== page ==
Statement of authorship: GIH had primary responsibility for data analysis, writing code, and preparing the initial manuscript; GAF provided support and discussion throughout the project, and contributed substantially to its final form.
Sampling stochasticity leads to overestimation of extinction risk in population viability analysis
Article first published online: 7 JAN 2013
©2013 Wiley Periodicals, Inc.
Volume 6, Issue 4, pages 238–246, July/August 2013
How to Cite
Herrick, G. I. and Fox, G. A. (2013), Sampling stochasticity leads to overestimation of extinction risk in population viability analysis. Conservation Letters, 6: 238–246. doi: 10.1111/j.1755-263X.2012.00305.x
Editor Richard Zabel
- Issue published online: 13 AUG 2013
- Article first published online: 7 JAN 2013
- Accepted manuscript online: 15 NOV 2012 08:10PM EST
- Manuscript Accepted: 30 OCT 2012
- Manuscript Received: 18 MAY 2012
- G. A. Fox. Grant Number: DEB-0614468
- stochastic demography;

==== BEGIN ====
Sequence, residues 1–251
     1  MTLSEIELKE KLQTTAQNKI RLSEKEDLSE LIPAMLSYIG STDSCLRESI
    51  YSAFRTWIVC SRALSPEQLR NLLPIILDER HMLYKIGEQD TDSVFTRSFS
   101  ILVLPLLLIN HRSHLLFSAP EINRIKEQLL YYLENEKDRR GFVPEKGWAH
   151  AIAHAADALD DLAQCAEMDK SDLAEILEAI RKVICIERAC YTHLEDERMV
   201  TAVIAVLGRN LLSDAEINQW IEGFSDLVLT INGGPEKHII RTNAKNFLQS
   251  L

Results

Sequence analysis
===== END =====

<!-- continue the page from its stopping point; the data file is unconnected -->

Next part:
- stochastic exponential growth;
- diffusion approximation;
- bias estimation;
- sampling variance;
- extinction risk
Which method should be used for estimating extinction risk? We present four separate estimates of extinction risk for the threatened pine lily (Lilium catesbaei Walter), based on two methods of estimating abundance (direct abundance counts and Jolly–Seber abundance estimates) and two methods of estimating extinction risk (direct simulation of the stochastic exponential growth (SEG) model, and the diffusion approximation). We compare the accuracy of these four combinations with a simulated data set where simulated-true population abundance and extinction risk is known. The Jolly–Seber method of abundance estimation in combination with direct estimation of extinction risk is the least biased combination of the four methods tested. We conclude that Jolly–Seber (or other mark-recapture) estimates should be used in combination with direct simulation of the SEG, when sampling error is expected. For the pine lily, we conclude that risk of extinction is low in the population studied.